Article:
The Kensington Review

8 June 2005

Latest Commentary:

Court Upholds Gubernatorial Election in State of Washington -- When Winston Churchill said that democracy is the worst system of government except for all the others mankind has tried, he was merely pointing out that any system is flawed and that democracy’s flaws, while real, are relatively benign. In recent American elections, the flaws are becoming more malignant. In the State of Washington, the election of a Democrat as governor was upheld on Monday by a judge who refused to make new laws – and the GOP complained while the Democrats essentially crowed over a broken system.

Hezbollah Triumphant in South Lebanon Polls -- The Bush administration decided that, once there was no hope of finding weapons of mass destruction in Iraq, the justification of the war against the Saddamite regime would be spreading democracy in the Middle East. “Democracy is on the march” the White House claims. Well, in South Lebanon, where ballot counting finished in the second of a four-stage national election, Hezbollah and its Amal movement allies won 23 out of 23 seats. When the supporters of Islamic fundamentalism vote, they seem to vote for Islamic fundamentalists. Is that, somehow, what Americans are dying for in Iraq?

GM to Pink Slip 25,000 Workers -- When Kirk Kerkorian bought almost 5% of General Motors a month ago to bring his total stake to around 9%, this journal warned that the warm feeling investors and workers got from that move would be short-lived. It turns out to have been shorter than expected. At the annual sharheolders’ meeting, Chairman and CEO Rick Wagoner has announced 25,000 North American jobs will go by 2008.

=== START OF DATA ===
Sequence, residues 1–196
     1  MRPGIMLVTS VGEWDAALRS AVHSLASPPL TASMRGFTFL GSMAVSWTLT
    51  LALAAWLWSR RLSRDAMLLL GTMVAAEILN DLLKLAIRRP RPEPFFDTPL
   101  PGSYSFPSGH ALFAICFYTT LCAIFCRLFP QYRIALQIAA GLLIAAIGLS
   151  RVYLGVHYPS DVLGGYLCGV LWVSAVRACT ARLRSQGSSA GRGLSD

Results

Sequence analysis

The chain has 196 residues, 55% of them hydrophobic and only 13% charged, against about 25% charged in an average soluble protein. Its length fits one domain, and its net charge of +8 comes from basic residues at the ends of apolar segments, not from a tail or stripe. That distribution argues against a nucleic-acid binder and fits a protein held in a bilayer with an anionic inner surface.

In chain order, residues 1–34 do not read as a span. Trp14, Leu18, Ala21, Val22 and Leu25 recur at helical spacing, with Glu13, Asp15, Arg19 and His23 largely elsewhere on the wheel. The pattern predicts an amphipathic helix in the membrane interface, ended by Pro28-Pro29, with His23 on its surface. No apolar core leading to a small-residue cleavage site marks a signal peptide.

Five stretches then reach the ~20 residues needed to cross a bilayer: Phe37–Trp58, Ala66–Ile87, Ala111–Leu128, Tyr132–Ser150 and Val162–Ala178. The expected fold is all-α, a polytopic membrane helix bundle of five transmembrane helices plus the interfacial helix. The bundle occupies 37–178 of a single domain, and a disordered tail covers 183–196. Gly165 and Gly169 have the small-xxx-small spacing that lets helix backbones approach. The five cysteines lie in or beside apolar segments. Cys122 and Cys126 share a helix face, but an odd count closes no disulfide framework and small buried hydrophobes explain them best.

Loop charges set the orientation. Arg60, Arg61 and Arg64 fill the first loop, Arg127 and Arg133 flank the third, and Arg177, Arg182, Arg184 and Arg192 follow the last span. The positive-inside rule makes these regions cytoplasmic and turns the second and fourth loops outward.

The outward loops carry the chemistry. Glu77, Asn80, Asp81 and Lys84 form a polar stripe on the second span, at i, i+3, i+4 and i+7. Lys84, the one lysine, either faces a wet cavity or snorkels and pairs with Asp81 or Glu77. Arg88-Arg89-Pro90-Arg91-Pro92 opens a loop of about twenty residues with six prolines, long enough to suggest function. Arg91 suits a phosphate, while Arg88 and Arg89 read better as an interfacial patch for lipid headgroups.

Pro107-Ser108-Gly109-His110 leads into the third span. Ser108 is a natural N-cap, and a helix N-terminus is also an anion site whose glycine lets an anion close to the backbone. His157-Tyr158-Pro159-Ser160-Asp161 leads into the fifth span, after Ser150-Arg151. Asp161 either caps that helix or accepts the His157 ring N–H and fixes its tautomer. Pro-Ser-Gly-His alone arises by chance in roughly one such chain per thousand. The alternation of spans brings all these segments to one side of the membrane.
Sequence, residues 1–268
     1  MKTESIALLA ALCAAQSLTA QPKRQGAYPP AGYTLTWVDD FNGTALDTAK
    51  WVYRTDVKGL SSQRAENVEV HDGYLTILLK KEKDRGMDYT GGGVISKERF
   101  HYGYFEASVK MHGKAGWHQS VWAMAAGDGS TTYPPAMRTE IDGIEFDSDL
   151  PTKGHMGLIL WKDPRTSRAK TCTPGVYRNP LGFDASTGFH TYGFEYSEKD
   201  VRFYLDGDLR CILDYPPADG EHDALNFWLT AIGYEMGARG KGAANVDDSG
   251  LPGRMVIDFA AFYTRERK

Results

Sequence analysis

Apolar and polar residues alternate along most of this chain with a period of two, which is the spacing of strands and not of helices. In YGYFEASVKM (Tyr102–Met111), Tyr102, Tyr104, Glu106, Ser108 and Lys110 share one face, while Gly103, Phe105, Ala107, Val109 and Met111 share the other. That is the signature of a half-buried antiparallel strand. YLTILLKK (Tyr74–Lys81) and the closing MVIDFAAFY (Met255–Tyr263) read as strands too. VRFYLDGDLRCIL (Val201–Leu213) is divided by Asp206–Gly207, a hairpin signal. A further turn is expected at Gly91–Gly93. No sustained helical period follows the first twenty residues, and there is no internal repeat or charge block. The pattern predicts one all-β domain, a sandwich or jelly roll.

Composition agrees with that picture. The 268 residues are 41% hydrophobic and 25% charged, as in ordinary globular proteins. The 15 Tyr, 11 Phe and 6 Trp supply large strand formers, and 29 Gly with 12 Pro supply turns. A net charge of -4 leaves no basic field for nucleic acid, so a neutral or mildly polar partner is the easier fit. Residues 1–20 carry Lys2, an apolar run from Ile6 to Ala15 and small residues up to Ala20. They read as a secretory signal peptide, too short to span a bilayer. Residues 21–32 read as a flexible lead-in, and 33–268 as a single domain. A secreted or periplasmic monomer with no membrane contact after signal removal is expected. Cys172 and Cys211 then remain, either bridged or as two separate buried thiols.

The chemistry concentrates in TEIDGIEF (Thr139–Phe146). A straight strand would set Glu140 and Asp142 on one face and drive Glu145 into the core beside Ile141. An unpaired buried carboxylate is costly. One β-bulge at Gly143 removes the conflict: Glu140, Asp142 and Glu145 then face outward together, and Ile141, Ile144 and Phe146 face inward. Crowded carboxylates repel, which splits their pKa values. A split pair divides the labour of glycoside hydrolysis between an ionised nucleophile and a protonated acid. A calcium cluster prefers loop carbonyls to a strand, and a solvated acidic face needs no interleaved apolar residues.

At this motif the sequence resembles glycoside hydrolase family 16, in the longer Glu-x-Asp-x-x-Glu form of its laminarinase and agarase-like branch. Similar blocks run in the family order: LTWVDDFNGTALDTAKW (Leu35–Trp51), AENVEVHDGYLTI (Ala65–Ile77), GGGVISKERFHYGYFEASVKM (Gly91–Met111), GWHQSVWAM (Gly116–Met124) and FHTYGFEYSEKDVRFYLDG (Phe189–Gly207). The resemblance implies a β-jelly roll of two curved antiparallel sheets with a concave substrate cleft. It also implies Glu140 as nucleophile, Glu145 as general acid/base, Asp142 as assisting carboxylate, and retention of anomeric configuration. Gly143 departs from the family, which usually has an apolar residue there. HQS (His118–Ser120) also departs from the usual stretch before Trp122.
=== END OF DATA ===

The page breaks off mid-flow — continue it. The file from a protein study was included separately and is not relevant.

Baby Urinates in Temple, Priests Show True Colors -- It sounds like a set up to a weak joke, “a lady is praying in a Buddhist temple when her baby pees.” However, priests at the Thrissur Hindu temple in the Indian state of Kerala didn’t find it funny when that very thing happened. The clerics decided that their temple had been desecrated and fined the six-month-old child’s parents 1,001 rupees. The $23 fine may not sound like much, but it represents 33% of father Amil Kumar’s gross monthly pay. Fortunately, the state government intervened and told the priests to forget about the fine. The whole episode raises the question, was it about the desecration or was it about the money?

© Copyright 2005 by The Kensington Review, J. Myhre, Editor. No part of this publication may be reproduced without written consent. Produced using Fedora Linux.


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